Why Romney’s not debating in Oregon

by Brendan Monaghan

With Super Tuesday now well behind us and another supposedly-important delegate dash in our wake, it’s time for certain people to face some unpleasant facts. Tuesday’s narrative, parroted by the left-wing media and the right-wing commentariat alike, was more of the same: another bad night for the apparent Republican frontrunner, Mitt Romney. He struggled to connect with “real Americans” and just can’t close the deal to win the party’s presidential nomination. He’s viewed as being too moderate- or liberal- a RINO, even when one of Romney’s current rivals called him a “real conservative” when he last sought the office. Most of all, they say Romney can’t deliver the base (and thus can’t beat Obama) because they see him as a flip-flopper. Even though the base itself has collectively flipped and flopped between at least four different candidates.

What actually happened was Governor Romney won the most delegates out of Tuesday night’s four contests, effectively neutralizing his narrow losses in proportional Mississippi and Alabama with big wins in Hawaii and winner-take-all American Samoa (yes, the territories and islands count just as much). Rather than failing to get any closer to the magic 1,144 and dragging on the nomination race forever, Romney actually increased his lead. The facts curiously run counter to what those on the far-left and far-right in the media are suggesting, curiously sharing the goal of torpedoing Mitt Romney’s candidacy. Rather than failing to connect with “ordinary voters,” Romney consistently wins every significant category- except white evangelicals and the undereducated. And on the question of electability, there is no question. Even in Alabama and Mississippi, Governor Romney is seen by wide margins of having the best chance of beating Barack Obama.

The simple yet perhaps inconvenient truth is that the competitive phase of the Republican primary contests has ended. Mitt Romney will be the Republican Party’s nominee. The question is not “if” but “when.” By slog or by knockout. National Journal illustrated as much last week, and Tuesday’s results were mere continuations of that trend. “If Romney continues on the path he’s set,” they say, “he will achieve the 1,144 delegates he needs to win.” Only a monumental 1969 Chicago Cubs-style collapse, in which Romney starts losing everywhere, could set up a brokered convention with winner-take-all states on the way. And only if Newt Gingrich or Rick Santorum drop out- and the surviving rival dominates Romney by astronomical margins- can a Republican not named “Mitt Romney” claim the nomination outright. National Journal calls this “a highly improbable scenario.”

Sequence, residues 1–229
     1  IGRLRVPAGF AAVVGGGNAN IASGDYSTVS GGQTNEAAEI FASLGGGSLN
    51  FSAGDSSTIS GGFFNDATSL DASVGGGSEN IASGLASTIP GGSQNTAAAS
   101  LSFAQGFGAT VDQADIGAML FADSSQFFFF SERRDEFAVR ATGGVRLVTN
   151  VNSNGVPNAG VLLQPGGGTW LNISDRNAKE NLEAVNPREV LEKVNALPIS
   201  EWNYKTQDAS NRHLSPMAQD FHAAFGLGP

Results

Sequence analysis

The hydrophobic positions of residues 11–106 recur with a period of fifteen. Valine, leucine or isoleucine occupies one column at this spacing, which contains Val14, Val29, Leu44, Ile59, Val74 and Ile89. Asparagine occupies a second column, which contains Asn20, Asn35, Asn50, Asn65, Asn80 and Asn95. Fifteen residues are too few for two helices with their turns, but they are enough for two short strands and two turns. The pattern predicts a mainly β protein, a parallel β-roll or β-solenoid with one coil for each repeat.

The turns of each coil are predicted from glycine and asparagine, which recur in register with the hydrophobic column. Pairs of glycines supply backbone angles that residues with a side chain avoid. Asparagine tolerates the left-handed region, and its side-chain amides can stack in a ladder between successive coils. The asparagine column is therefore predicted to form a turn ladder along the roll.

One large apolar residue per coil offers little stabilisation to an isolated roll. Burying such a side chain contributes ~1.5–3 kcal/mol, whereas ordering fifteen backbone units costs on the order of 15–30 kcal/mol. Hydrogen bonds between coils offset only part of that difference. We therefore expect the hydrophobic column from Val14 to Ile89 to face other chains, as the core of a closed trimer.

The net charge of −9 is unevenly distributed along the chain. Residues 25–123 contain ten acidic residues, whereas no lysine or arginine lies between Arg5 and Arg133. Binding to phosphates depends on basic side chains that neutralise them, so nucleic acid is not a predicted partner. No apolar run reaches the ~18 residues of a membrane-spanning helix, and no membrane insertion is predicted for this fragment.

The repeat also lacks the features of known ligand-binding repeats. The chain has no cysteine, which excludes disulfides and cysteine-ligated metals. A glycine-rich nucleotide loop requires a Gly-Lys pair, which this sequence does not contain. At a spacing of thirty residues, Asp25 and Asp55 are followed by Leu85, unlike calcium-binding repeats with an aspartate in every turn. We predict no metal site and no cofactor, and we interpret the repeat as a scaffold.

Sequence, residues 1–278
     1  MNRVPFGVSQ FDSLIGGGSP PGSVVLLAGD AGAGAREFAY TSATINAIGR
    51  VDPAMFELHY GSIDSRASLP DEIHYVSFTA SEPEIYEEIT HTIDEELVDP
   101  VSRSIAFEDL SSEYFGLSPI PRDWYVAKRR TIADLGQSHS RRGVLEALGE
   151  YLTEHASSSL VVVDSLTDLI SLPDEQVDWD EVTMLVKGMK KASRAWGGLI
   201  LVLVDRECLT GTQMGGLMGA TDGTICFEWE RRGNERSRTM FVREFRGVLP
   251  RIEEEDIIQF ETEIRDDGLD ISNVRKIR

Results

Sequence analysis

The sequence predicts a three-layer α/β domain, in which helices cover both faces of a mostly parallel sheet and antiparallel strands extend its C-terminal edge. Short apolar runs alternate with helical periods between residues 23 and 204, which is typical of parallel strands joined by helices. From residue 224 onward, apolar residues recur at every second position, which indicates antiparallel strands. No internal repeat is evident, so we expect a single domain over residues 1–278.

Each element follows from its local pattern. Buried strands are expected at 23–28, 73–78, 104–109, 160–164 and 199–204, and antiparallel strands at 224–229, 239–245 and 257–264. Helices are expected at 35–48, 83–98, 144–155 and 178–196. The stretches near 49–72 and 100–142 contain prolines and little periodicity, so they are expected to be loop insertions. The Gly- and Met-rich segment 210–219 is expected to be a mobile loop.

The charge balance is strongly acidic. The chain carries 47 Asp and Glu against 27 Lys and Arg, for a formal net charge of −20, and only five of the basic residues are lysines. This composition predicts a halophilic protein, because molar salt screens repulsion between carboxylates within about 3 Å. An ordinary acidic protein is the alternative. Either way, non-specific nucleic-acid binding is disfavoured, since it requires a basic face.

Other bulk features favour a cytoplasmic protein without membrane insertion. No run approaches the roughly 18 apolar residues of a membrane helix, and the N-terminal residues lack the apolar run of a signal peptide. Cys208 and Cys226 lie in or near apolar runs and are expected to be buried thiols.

Why is this important? It illustrates why Governor Romney decided not to attend a potential debate in Portland next week that he never committed to in the first place. Never mind that 20 debates- more than any year in any party primary for any office in any country in history- is more than enough and far more than most voters can stand. Never mind that the chances of learning anything new- no matter how insignificant- about any of the four major candidates is slim to nil. There is understandable anger and frustration- albeit unjustified- from many Republicans in Oregon. Obviously the Party itself loses out on what they hoped would be a major fundraiser. Yet, they planned to shut out all but maximum donors and pressed on ahead, banking on the race still being in doubt after Super Tuesday, without getting a commitment in advance from anyone. When the one guy who mattered- the one candidate virtually assured of being the nominee- said “no,” the Party tried to do the debate with three.

Understandably, the faction of Republicans in Oregon most expressing their anger openly are the irreconcilables. Oh, they might claim to be “undecided.” Perhaps they haven’t settled on a candidate to support, but they have decided they will under no circumstances support Willard Mitt Romney for President. In the primary, certainly, but in some cases, even the general election itself. He is the candidate, for reasons aforementioned or best left unsaid, who can seemingly do no right in their eyes, even after he’s put the nomination out of reach. Thus, he would seem to have even less reason to come to Oregon as there would be nothing he could say or do to convince the irreconcilables- still pining for Ronald Reagan’s resurrection- to support him, in the primary or the general.

Oregon’s would-be debate wouldn’t fit with Romney’s game plan. The debate is nearly two months before the primary itself, so Romney has little to lose but absolutely nothing to gain from flying in and out. He can save a trip to Oregon for May. Romney is past the phase of lowering himself to the level of the field and giving his rivals continued legitimacy. He should be raising money in preparation for Obama’s billion-dollar onslaught and making closing arguments to Republicans that center around, yes, electability and inevitability. He should set his sights on courting swing voters, moderates, independents, genuine undecideds, and as President Eisenhower called them, “the straight-thinking Democrats.” He should not continue to play in Round One when he has already clinched his spot in the championship game.


Brendan is a graduate student at Portland State University, where he hosts the KPSU “Right Jab” radio program, and a regular contributor at Oregon Catalyst. Brendan is studying political science, and graduated from The Ohio State University in 2007, with a degree in political science.